Dragonflies and Fairytales

Tammy Brown

Dragonflies rule the insect kingdom at Little Piney, at least in my mind.  Like their namesake, the mythological dragon, they are both beautiful and fierce.  Swift and deadly hunters, dragonflies fly forward at about 100 body-lengths per second, and backwards at about 3 body-lengths per second.  This translates to up to 38 miles per hour for larger dragonflies! They can also hover like a helicoptor for as much as a minute.  Large compound eyes see almost 360 degree, and 80% of the dragonfly brain is devoted to vision.  It’s hard to hide from a dragonfly

Dragonflies may eat as much as a fifth of their own body weight in a day’s time.   These hungry carnivores consume everything from mosquitoes to butterflies, and even smaller members of their own species.

The life-cycle of the dragonfly is as fairytale-like as it’s name.  One to six years are spent underwater as larvae. The larvae surface again and again over the years to molt then return to pond life below.  Finally, one spring day, a plain dark nymph, climbs up a blade of water grass and out of the pond forever.   From this homely skin, a dazzling adult emerges and soars away on shimmering wings to begin its short but beautiful life.  Rapunzel in a pond?   Photographer Andy Holt has captured the amazing process in a video worth watching posted on Ark in Space, a nature blog.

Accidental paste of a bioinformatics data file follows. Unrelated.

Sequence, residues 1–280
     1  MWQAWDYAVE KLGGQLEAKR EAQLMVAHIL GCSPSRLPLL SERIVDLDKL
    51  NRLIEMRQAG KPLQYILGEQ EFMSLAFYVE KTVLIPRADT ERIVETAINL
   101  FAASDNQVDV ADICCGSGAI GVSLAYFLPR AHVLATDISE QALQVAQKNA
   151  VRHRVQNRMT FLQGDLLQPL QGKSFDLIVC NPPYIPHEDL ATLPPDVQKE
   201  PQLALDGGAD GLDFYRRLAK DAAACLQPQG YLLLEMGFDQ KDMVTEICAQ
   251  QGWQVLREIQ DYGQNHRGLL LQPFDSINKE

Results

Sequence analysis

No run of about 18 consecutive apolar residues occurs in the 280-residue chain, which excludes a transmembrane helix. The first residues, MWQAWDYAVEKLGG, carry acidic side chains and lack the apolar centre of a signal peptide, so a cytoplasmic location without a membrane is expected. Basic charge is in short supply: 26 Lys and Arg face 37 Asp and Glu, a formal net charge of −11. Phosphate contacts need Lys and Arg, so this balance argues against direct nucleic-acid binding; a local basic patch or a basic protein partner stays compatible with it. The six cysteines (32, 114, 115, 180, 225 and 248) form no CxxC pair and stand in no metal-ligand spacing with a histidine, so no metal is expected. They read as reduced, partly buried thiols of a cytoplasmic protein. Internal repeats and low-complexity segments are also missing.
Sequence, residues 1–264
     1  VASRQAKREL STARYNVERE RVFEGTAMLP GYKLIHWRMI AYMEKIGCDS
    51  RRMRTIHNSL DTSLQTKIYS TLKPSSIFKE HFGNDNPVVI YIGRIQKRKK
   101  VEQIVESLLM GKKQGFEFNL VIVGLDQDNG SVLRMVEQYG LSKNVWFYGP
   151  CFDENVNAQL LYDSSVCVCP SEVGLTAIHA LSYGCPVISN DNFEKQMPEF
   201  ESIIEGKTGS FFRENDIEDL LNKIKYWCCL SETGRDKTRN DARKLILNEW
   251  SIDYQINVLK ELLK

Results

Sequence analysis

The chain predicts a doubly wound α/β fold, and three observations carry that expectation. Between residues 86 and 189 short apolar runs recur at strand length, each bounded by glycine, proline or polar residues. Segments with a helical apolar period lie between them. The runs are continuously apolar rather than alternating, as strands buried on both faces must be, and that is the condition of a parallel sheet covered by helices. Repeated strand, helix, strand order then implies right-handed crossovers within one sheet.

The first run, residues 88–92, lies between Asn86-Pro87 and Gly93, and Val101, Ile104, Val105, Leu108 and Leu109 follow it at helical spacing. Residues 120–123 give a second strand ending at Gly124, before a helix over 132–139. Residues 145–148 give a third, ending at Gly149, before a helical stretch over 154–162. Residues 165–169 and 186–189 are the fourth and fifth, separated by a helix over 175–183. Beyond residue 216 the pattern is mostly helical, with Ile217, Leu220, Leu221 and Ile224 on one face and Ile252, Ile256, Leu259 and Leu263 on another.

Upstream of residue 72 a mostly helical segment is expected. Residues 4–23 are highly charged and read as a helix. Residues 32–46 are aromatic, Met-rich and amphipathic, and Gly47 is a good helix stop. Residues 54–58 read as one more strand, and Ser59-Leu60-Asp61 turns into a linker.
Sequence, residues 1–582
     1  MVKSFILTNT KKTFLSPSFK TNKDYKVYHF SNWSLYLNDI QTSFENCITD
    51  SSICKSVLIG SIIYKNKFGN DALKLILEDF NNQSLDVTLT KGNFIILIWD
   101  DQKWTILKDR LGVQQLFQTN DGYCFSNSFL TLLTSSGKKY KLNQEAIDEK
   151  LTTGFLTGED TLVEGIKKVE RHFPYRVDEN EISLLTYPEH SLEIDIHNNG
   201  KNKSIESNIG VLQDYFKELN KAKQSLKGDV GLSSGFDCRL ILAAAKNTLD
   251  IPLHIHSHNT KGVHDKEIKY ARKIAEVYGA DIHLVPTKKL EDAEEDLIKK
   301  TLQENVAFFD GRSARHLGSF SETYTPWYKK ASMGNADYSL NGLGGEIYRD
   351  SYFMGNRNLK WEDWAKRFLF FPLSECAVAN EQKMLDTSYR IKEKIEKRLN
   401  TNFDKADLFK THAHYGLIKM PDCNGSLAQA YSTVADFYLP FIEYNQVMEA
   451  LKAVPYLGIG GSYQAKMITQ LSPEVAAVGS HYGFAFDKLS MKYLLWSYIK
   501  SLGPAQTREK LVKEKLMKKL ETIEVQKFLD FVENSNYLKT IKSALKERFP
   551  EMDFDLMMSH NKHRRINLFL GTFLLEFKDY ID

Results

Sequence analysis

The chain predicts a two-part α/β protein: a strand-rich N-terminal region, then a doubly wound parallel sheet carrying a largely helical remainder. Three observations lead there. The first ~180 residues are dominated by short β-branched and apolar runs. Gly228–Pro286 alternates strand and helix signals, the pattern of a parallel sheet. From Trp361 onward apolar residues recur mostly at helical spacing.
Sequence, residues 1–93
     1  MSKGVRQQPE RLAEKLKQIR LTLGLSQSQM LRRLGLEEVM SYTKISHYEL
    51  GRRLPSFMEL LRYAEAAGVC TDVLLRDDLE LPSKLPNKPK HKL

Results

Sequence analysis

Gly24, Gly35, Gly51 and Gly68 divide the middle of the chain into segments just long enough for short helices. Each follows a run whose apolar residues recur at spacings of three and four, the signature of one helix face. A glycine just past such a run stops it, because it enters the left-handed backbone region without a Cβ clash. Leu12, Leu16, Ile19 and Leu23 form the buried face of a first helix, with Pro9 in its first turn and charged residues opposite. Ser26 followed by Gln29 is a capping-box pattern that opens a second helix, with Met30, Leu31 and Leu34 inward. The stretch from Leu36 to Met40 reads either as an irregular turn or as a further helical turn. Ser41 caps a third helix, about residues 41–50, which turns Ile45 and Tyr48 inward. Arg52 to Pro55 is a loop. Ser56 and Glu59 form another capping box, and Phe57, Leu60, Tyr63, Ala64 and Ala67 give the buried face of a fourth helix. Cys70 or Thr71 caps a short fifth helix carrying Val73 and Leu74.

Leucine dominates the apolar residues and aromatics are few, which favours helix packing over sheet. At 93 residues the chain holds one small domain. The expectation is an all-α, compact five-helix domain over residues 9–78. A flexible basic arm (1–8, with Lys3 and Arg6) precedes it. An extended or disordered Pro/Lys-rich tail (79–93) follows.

I found a shed skin on a twig here at Dragonfly Pond–

Dragonfly Molt
Dragonfly’s Last Molt

Sometimes dragonflies are quick and camera shy; other times they pose to show off their sunlit colors.  Below are the different types of dragonflies I have photographed so far.  I hope to have a longer zoom lens soon so that I can replace some of these blurry photos with sharp ones. Click on each image for the name.


Common Green Darner
Common Green Darner


Widow Skimmer Dragonfly
Widow Skimmer Libellula luctuos



Most of my information came from wikipedia and Odonata Central.org.  For identification Dragonflies and Damselflies of Texas on Flicker.


And http://www.insectidentification.org is great site for insect identification.








  1. Wow Tammy, until your post, I’d never paid that much attention to Dragonflies. They are beautiful in their range of fluorescent colors,
    and their lives are sort of fantastical…thank you for increasing my awareness, Dragonflies, you have captured my attention!

Leave a Reply

Your email address will not be published.

%d bloggers like this: